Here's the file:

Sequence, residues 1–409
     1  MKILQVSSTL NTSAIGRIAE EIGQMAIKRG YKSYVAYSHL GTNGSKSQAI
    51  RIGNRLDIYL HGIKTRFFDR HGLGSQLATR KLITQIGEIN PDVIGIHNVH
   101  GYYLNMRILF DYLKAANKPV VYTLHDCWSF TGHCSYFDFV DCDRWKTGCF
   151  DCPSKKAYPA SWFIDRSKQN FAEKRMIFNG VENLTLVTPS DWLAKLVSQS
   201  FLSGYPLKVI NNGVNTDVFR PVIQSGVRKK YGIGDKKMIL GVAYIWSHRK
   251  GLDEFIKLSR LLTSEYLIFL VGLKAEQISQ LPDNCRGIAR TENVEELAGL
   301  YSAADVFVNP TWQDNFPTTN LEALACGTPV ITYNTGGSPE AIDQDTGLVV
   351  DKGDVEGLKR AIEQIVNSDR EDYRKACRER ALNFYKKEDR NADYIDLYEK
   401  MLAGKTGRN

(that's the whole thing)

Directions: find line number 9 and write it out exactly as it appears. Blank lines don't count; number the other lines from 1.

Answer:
   351  DKGDVEGLKR AIEQIVNSDR EDYRKACRER ALNFYKKEDR NADYIDLYEK